Rare disease rap: Patient advocate writes song to raise awareness

ByMatteo Iadonisi Localish logo
Wednesday, March 8, 2023
Patient advocate writes rap song to raise awareness for rare disease
Romy Braunstein wrote a rap to raise awareness for knowing the symptoms and getting diagnosed.

BALA CYNWYD, Pennsylvania -- "I worked in radio for over 35 years until rare disease had other plans," said Romy Braunstein.

Whether on the airwaves or behind the scenes, Braunstein loved her career. Her work took her around the country and introduced her to stars like Ricky Martin and various American Idol judges and contestants.

All the while, she was hiding an otherwise invisible disability.

"I was misdiagnosed with MS in 2001," said Braunstein. "And then I was really diagnosed with Lambert Eaton myasthenic syndrome in 2003."

She recalls her symptoms including unexplained falls, chronic fatigue, and difficulty walking. Essentially, the disease interrupted communication between her nerves and muscles.

But after a long journey of seeing various doctors and enrolling in a clinical trial, Braunstein was able to find a medication that ameliorated her lifestyle.

"The medication has saved the quality of my life," she said. "And now I am fueled and passionate by that to tell everybody in every community to identify symptoms."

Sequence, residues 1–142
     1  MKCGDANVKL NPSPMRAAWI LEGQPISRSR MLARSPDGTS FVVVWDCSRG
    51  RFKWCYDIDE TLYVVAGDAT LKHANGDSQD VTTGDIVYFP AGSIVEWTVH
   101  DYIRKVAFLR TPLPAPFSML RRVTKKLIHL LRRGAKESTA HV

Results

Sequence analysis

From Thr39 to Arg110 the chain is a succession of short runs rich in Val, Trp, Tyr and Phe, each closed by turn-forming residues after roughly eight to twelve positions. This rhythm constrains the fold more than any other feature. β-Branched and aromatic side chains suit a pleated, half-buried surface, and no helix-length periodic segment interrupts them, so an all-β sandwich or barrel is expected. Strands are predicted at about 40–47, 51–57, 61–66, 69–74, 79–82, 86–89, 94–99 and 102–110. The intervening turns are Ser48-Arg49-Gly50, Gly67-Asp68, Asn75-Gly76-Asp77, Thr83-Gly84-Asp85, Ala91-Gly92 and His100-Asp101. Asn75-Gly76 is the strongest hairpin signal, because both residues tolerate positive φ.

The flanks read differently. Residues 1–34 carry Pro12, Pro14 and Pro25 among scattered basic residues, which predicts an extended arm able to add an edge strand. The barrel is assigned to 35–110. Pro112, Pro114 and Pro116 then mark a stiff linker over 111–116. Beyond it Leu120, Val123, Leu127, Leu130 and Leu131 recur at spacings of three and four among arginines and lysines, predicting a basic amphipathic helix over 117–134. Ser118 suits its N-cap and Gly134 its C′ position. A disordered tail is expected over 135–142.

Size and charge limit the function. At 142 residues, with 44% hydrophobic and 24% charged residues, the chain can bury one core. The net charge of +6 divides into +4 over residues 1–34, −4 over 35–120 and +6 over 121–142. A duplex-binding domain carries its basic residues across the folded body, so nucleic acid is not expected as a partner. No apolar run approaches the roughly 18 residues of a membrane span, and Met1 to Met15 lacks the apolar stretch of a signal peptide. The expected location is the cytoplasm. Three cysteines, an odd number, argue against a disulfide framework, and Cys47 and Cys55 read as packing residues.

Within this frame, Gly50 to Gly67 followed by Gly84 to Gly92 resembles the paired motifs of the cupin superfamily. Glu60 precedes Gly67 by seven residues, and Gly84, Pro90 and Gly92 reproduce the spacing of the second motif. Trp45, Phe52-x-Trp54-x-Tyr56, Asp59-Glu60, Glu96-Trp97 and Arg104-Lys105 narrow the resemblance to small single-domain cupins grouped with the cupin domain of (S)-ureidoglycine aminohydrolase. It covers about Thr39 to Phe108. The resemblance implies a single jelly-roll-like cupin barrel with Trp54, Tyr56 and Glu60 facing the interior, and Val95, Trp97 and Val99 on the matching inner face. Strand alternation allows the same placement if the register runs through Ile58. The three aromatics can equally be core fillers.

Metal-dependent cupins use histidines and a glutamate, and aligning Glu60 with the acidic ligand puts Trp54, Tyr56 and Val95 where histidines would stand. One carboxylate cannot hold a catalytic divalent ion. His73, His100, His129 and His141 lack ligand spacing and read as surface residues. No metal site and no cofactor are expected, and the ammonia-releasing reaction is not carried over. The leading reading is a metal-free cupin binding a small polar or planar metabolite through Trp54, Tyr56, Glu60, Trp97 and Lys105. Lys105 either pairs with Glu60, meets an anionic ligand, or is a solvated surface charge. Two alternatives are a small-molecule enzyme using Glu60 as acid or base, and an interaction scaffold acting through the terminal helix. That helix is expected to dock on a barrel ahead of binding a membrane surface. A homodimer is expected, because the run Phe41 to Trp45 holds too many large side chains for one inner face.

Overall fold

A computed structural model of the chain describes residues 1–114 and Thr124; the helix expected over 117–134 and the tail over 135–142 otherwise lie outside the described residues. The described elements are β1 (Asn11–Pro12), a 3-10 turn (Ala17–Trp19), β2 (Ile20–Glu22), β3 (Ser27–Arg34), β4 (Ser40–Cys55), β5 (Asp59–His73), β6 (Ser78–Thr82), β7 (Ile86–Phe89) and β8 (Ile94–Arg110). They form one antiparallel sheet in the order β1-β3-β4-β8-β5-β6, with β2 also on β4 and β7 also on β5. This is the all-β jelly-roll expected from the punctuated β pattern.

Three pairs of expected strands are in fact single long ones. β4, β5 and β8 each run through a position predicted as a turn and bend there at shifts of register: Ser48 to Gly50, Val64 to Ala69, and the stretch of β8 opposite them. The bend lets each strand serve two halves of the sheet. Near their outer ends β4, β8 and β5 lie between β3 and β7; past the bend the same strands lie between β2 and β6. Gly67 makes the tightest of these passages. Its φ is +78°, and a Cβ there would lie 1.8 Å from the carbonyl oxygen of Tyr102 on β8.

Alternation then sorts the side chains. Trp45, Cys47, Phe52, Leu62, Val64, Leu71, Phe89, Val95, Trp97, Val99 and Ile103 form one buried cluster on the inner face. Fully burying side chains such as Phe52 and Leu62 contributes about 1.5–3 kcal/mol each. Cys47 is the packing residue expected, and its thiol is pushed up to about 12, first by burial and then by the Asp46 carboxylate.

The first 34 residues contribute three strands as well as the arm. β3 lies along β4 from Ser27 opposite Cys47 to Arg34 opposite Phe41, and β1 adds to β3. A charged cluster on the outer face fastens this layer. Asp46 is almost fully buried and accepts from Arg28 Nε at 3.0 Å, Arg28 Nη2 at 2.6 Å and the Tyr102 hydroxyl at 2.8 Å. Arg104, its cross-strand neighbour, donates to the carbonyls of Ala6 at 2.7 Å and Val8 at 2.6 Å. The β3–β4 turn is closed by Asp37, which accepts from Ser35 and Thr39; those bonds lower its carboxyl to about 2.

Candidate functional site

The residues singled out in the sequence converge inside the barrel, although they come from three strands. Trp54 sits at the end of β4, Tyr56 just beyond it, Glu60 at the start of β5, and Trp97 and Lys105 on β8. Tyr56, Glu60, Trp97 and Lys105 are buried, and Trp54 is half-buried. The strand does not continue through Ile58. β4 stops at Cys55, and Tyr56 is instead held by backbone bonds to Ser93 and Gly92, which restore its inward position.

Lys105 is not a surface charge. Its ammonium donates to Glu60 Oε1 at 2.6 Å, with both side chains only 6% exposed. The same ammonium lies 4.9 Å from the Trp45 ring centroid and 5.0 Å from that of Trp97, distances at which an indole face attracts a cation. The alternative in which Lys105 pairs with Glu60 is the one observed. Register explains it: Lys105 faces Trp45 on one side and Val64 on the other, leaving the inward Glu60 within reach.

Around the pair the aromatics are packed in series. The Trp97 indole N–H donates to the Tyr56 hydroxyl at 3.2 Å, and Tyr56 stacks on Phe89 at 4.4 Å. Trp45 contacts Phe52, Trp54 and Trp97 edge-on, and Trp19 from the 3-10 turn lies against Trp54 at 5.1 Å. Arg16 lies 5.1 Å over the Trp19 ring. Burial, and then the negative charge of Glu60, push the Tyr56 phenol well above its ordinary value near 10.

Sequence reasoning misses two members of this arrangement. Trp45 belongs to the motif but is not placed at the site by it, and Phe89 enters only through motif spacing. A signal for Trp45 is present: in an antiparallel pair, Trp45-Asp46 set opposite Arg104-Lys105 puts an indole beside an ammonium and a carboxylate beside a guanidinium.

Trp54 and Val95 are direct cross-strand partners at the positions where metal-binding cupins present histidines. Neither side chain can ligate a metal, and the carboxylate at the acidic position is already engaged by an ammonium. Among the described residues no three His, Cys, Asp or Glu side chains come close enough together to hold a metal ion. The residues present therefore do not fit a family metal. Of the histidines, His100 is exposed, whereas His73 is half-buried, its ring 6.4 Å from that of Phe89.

Braunstein accomplishes that by making social media content. But she has become especially vocal with her latest passion project.

"Over the last 10 years, through my work experience and all my experiences, I wrote a rap song," she said.

Braunstein utilized the custom music creation company, Songlorious, to collaborate with a Detroit-based artist, J Roy. In just a few days, Braunstein's written lyrics came to life.

"It literally talks about: Am I in pain? Do I need a cane? Muscle weakness, chronic fatigue, unexplained falls, things you can't see," she said. "If people started singing that and resonating with it, they're gonna be like, 'That's me!'"

The song, titled, "99," can now be found on streaming services.

Braunstein was invited by WMGK's Andre Gardner, a longtime friend and co-worker, to sing along with the song as it boomed through the in-studio speakers.

"I really want the song, actually, to be like the anthem for rare disease," said Braunstein. "There's some amazing doctors that are there to make you have a better quality of life again. So, it can happen as long as you get the diagnosis."

Rare Disease Day is recognized on February 28. For more information and resources, visit the website for the National Organization for Rare Disorders.

To learn more about Romy Braunstein's advocacy, visit her Facebook page.